In advance of his show at Maxximum Impact tonight — his first in Little Rock in several years and likely his last for the near future — one of Little Rock's most charismatic rappers talked to me yesterday (on his 27th birthday!) about collaborating with Mike Shinoda, the influence of "The Muppet Babies" on his artistic philosophy and redefining not just the rap game, but all of music.
First off, where you been gone so long?
Man, I just came back from L.A. I won a contest through a website called wemix.com
, which is actually sponsored by Ludacris. It’s been running for a little over a year. There’s probably 60,000 artists on the website, and I’m ranked number two right now.
Earlier, they had a contest with the mastermind behind Linkin Park, Mike Shinoda, and the contest consisted of doing music that portrayed his art, and I ended up getting picked out of like 90,000 entries and that came down to a list of 20, and he had to pick from that list five, and I was in that five and then everybody else had to vote, and I won. So I went to L.A. got in the studio with him — cool guy — and we did a record, and I made a lot of connections.
But that was like six months ago. I’ve been here for six months, but I’ve been under a rock doing this “Zii Dimensional” album.So where’s the Mike Shinoda album?
It wasn’t an album. It was a song called “Stories of the Lost” that’s going to premier with his second art exhibit in the fall. Whether it’s here in the U.S. or in Tokyo or the U.K., I don't know.
But before L.A., I was in Ohio, doing portions of my album there, working with two producers, one by the name of Big Mack, who works out of R. Kelly’s camp. He produced “Rollin'” that made it on R. Kelly’s last album. Then there’s another producer, Peanut Ronald Sauce, who landed the second single on Jill Scott’s first album.
So I’ve been a few different places, for four to five months, then I’m somewhere else again. The funny thing about it is that I’ve been working on this album for four or five years, but I never knew I was working on it until when I came out here. The only thing I knew I was making a lot of songs, but executing a song is totally different than executing an album if you want to have your version of perfection and surpass the city, surpass the state and surpass the country and eventually hit the world.
Where did your catch phrase, Waca Waca, come from?
Wounds are like colors to me. When I hear certain types of sounds it expresses certain types of colors. And when I was a little kid, I thought it was so bright and animated when I would watch Fozzie on “The Muppet Babies,” and every time he would tell a joke that no one liked, they’d always be like “Fozzie!” and he’d go “Waca Waca Waca!” But at the end of the day, regardless if they liked it or not, he was always the center of attention. Obnoxious or not, he was always the center of attention. As I got older, I decided, why not be my version of obnoxious. But you can’t deny my approach. At the end of the day, when you hear the music, “Poppin’ in your locker, Zii! Wowzas! Waca Waca Waca!” Like all in your shit. This is what I do. This is what I was born to do. I’m going to be the center of attention regardless if you like it or not. WACA. WACA. WACA.So when is Zii Dimensional going to come out?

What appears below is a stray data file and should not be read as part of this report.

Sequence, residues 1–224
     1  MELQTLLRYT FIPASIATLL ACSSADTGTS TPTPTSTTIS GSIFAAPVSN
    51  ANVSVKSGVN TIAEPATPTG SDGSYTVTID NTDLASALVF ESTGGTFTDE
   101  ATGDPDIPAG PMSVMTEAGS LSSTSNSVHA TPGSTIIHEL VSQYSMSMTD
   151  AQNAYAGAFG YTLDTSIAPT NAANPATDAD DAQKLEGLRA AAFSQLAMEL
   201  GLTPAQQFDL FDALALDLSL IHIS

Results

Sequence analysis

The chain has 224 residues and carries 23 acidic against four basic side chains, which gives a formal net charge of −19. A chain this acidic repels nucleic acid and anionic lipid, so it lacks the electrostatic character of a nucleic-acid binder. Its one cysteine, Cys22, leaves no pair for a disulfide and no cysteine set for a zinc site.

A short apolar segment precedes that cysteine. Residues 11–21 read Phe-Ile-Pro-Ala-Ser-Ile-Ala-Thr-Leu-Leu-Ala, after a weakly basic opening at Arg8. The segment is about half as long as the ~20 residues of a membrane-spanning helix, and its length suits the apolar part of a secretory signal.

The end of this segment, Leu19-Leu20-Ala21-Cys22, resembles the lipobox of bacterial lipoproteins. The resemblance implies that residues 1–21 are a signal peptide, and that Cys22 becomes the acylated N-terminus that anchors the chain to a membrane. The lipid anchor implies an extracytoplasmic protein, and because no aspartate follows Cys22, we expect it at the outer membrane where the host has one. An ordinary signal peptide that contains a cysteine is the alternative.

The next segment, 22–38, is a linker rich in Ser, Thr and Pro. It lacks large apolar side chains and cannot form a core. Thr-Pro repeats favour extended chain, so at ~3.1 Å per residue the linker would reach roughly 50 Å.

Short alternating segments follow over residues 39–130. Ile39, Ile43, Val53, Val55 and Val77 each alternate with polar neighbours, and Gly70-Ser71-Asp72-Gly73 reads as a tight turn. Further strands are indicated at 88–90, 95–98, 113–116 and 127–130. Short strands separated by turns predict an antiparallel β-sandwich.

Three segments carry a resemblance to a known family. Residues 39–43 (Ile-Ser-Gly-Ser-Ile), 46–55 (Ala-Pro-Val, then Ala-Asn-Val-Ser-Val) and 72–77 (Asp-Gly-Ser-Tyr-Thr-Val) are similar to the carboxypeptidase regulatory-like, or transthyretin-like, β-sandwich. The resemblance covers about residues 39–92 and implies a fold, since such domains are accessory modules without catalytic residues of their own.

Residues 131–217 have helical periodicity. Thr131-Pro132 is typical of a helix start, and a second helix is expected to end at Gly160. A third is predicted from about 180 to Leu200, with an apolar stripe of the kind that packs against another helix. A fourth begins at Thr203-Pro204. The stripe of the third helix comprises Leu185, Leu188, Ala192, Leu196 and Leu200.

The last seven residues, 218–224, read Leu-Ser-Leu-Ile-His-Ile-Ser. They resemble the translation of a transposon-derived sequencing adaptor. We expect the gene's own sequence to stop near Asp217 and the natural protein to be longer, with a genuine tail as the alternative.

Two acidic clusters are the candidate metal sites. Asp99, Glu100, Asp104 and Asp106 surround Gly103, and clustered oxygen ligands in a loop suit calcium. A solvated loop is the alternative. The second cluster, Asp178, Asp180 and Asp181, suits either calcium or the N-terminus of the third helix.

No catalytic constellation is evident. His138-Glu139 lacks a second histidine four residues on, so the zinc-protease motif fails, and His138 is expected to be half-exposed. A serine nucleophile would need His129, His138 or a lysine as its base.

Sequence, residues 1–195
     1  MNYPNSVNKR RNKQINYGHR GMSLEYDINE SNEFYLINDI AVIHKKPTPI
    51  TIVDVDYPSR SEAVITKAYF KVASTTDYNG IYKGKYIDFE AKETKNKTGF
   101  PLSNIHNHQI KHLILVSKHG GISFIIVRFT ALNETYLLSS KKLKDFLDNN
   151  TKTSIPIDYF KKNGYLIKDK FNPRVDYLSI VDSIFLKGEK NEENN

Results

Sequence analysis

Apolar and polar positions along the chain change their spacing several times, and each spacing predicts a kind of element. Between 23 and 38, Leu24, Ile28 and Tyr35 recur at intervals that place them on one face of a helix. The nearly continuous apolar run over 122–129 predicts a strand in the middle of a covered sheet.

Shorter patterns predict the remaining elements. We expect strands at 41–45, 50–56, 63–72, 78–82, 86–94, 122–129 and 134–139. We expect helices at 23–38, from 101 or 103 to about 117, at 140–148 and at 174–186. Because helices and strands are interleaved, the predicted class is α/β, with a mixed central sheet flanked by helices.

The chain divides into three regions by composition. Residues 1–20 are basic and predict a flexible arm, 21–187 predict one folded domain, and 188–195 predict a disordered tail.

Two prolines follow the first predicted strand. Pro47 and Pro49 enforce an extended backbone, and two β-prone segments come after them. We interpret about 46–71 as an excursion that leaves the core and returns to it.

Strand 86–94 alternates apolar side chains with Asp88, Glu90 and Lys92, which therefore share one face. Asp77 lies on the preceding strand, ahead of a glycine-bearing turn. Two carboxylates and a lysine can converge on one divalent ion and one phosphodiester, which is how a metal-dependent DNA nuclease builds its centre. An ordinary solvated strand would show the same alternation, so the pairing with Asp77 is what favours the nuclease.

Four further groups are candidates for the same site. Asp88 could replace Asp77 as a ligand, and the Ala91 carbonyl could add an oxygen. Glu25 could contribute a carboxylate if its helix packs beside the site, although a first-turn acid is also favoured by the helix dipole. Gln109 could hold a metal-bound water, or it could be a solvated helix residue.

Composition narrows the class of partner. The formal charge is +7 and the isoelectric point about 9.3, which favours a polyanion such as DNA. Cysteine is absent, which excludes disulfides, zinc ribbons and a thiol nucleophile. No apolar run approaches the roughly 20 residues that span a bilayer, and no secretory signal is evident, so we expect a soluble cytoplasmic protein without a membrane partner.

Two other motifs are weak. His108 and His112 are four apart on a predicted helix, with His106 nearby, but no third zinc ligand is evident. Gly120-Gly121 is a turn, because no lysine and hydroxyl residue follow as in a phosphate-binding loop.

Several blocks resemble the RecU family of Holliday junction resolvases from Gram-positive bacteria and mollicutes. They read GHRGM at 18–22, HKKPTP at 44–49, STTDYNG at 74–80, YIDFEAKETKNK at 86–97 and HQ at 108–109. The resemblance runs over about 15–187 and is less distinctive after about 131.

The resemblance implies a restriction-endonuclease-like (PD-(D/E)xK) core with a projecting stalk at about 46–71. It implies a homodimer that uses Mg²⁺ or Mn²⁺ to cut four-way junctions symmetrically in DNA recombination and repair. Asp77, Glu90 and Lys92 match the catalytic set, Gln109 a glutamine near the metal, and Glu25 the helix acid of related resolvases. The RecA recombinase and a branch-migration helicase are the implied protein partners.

October. Every single Internet store known to man is going to have it. I’m doing the album through Disc Makers. I’ve got the same people who mastered Eminem’s last album mastering my album. Before the spring, I’ll have a distribution deal with a major, but it’ll be tangible in October.You say that hopefully or you have something lined up?
[Laughs] I never really understood how people could say, “I’m not able to say this.” I always thought that was bullshit, but then I started understanding the politics, so I have to regretfully not answer that one. What I can say is that I’m 27 today. I will not be 28 and still try to figure out if the world’s ever going to know about Zii Dimensional. So what should people expect at the show?
Not a rapper, I know that. You’re going to get an artist who happens to do rap. You’re going to get, and I’m probably going to copyright this, it’s a new movement of music: “reach-out music.” Which of course stems from the meaning of “Zii Dimensional.”
I want to be able to do music that’s so vividly clear that you can’t believe that you’re listening to it. My album is a movie. I’m not saying it in the stereotypically sense. I’m breaking it down, literally, from my brain, from beginning, middle to end. It’s formatted like a soap-movie, but it’s on some next level kind of stuff.
It’s just like the single, “I’m On My Grind.” Stereotypically, you think from that title alone you’ve got me pegged, but when you hear the record, it throws you for a loop. So if you’re able to get that off my single, which is already going to be redefining what music is supposed to represent right now, and then you see my album cover that looks like a damn movie display of something coming soon, you should already know what the show’s going to be like.
I feel like every 10 to 15 years somebody comes along off some redefining shit. Some times it gets a little spooky standing on the front lines by yourself until you establish the movement. But I guarantee I’m going to be the next version of what’s to come. Not just in rap music, but for music period.
[Earlier: Zii, still grinding